Military Police Officer
Military Police Officers are utilized in direct combat and during peacetime to lead other Military Police Soldiers while they serve five main functions: 1) Maneuver and mobility support operations, 2) Area security operations, 3) Law and order operations, 4) Internment and resettlement operations, and 5) Police intelligence operations.
Medical Corps Officer
An Army Medical Corps Officer is responsible for the overall health of Soldiers and their families. From allergists to oncologists to surgeons, Medical Corps Officers are also responsible for providing health care to Soldiers' families and others eligible to receive this care in the military community. During combat, the Medical Corps Officer oversees the emergency medical management of casualties and makes sure Soldiers are combat ready when it comes to their overall health.
Medical Service Corps Officer
Medical Service Corps Officers are essential in treating and helping the overall health of Soldiers and their families. They are also responsible for much of the medical research that takes place in the Army. From medical fields such as optometry and podiatry to laboratory sciences to behavioral sciences, the Army Medical Service Corps includes many areas of specialty.
Medical Specialist Corps Officer
Medical Specialist Corps Officers are essential in treating and helping the overall health of Soldiers and their families. From medical fields such as occupational therapy and physical therapy to dietician and physician assistant, the Army Medical Specialist Corps includes several areas of specialty. Overall, Army Officers are leaders, and being a leader requires certain qualities such as self-discipline, initiative, confidence and intelligence.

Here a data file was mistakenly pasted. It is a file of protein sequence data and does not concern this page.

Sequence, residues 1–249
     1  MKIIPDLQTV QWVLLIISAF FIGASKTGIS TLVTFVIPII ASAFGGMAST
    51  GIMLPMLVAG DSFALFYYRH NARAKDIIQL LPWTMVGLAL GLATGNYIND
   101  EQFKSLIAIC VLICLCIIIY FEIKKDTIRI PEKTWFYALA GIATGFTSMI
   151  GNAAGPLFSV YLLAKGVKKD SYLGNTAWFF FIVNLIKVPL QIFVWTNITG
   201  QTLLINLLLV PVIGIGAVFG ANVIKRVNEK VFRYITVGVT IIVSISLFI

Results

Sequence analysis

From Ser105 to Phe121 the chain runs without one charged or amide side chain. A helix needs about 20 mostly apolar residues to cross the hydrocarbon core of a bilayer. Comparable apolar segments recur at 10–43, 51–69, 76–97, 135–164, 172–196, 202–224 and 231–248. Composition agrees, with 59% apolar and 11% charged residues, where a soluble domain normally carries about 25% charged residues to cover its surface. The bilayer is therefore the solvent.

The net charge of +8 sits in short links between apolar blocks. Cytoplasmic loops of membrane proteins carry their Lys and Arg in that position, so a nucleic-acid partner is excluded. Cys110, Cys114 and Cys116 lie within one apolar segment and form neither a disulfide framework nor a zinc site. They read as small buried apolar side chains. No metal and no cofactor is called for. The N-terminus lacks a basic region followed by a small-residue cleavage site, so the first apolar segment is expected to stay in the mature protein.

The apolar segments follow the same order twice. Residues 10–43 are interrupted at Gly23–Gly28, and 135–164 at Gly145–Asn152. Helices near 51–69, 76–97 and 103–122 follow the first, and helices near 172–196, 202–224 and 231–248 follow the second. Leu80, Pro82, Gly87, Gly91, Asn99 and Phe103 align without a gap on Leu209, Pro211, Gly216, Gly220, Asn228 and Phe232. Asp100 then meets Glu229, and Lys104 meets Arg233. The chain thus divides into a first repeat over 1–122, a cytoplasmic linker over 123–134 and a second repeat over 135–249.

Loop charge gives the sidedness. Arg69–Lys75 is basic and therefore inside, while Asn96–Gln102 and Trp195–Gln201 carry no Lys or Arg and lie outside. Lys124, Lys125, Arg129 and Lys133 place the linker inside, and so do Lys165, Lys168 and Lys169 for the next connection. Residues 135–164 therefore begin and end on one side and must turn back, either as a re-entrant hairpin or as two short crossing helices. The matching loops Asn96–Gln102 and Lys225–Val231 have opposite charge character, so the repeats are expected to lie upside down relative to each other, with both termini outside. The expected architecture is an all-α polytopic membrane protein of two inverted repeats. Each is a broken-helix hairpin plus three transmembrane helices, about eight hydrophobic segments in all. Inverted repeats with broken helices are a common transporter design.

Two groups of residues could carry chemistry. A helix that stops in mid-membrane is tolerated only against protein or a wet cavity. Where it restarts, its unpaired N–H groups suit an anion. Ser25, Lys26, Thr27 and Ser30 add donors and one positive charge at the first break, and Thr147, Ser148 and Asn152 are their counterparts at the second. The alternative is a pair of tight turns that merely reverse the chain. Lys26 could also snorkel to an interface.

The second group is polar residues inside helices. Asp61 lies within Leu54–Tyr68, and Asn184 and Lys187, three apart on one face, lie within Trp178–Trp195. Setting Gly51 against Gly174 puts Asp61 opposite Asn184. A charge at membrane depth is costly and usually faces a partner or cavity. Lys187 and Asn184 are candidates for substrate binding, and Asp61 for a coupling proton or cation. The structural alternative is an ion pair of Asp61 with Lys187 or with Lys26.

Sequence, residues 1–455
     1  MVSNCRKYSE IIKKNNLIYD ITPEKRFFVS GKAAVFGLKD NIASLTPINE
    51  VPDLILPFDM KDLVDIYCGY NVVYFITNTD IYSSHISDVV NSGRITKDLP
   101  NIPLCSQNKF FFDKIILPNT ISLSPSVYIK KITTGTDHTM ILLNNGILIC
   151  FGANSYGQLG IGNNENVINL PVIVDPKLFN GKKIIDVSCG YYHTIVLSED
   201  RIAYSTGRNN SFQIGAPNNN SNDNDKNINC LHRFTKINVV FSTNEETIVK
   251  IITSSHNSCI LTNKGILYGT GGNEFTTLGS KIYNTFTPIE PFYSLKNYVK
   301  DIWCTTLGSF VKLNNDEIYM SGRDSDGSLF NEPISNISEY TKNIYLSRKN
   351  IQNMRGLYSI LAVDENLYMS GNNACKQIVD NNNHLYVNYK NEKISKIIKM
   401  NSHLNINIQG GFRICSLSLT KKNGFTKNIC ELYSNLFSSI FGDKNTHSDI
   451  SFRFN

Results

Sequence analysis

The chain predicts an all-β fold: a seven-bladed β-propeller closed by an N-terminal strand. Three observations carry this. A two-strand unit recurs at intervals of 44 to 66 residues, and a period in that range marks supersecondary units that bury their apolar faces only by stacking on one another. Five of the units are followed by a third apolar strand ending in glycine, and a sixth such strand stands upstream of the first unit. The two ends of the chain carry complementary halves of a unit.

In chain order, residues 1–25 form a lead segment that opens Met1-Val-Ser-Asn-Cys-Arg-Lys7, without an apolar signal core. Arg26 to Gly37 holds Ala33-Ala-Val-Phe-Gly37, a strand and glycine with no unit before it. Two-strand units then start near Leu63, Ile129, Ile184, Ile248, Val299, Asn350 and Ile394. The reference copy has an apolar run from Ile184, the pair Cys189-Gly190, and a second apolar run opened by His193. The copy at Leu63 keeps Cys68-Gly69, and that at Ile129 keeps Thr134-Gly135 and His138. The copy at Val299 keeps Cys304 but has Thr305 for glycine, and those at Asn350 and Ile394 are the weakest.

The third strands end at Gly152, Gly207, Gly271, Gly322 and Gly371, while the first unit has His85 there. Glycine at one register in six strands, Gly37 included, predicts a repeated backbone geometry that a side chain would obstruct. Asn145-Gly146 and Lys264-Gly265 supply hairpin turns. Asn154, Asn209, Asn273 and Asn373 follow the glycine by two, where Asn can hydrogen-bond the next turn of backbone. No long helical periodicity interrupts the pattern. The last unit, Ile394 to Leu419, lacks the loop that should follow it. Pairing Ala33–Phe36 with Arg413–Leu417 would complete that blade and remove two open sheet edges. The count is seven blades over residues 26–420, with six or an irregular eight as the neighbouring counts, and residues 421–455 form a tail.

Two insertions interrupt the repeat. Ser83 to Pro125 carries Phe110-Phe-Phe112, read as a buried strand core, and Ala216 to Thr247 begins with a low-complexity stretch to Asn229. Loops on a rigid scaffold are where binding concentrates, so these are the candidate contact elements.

Ordnance Officers are responsible for ensuring that weapons systems, vehicles, and equipment are ready and available - and in perfect working order - at all times. Thus, Ordnance Officers and the Soldiers they lead are a critical component in the Army's success. Ordnance Officers also oversee the developing, testing, fielding, handling, storage and disposal of munitions.
Quartermaster Officers are responsible for making sure equipment, materials and systems are available and functioning for missions. More specifically, the Quartermaster Officer provides supply support for Soldiers and units in field services, aerial delivery and material and distribution management. Officers are leaders, and being a leader in the Army requires certain qualities such as self-discipline, initiative, confidence and intelligence.
A Signal Corps Officer must be an expert in planning, installing, integrating, operating and maintaining the Army's voice, data and information systems, services and resources. Signal Officers must be highly intelligent, forward-thinking and have a complete knowledge of communications and data management technologies.
Special Forces Officer
A Special Forces Officer is responsible for what is typically organized as a 12-man team, known as an Operational Detachment Alpha (ODA). ODAs are deployed around the world in rapid-response situations whether it's during peacetime, crisis or war. The Special Forces Officer is the team leader of an ODA, responsible for mission organization, outfitting the team and debriefing mission objectives.
Transportation Officers are experts in the systems, vehicles and procedures in moving troops and supplies in the Army. Transportation Officers are responsible for commanding and controlling Transportation operations and combined armed forces during land combat. Officers are leaders, and being a leader in the Army requires certain qualities such as self-discipline, initiative, confidence and intelligence.
Veterinary Corps Officer
Army Veterinarian Officers practice in three primary areas: animal medicine, veterinary public health and research and development. Veterinarian Officers are responsible for treating government-owned animals and the valued pets of service members and their families. Army Veterinary Corps Officers are also responsible for programs ensuring the safety and security of Department of Defense food supplies, both in the United States of America and abroad.